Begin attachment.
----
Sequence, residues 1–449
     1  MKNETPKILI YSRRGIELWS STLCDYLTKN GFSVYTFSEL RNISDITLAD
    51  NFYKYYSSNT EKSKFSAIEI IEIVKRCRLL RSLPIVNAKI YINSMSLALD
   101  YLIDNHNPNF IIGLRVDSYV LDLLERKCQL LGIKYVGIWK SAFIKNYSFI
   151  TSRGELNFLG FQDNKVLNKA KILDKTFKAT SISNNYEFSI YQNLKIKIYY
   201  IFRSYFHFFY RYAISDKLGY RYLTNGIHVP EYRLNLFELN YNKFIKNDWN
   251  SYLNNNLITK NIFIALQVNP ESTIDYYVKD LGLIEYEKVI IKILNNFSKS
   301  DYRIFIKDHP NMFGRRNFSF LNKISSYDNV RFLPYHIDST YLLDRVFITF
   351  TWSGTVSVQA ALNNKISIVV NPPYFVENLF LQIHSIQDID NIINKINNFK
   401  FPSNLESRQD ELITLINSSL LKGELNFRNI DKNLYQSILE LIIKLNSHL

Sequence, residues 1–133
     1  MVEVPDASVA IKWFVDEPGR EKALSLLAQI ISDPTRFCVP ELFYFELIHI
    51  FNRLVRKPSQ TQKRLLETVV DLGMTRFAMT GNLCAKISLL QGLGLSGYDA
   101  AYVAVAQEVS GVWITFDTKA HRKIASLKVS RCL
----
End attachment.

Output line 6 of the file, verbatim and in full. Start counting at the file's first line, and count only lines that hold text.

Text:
   201  IFRSYFHFFY RYAISDKLGY RYLTNGIHVP EYRLNLFELN YNKFIKNDWN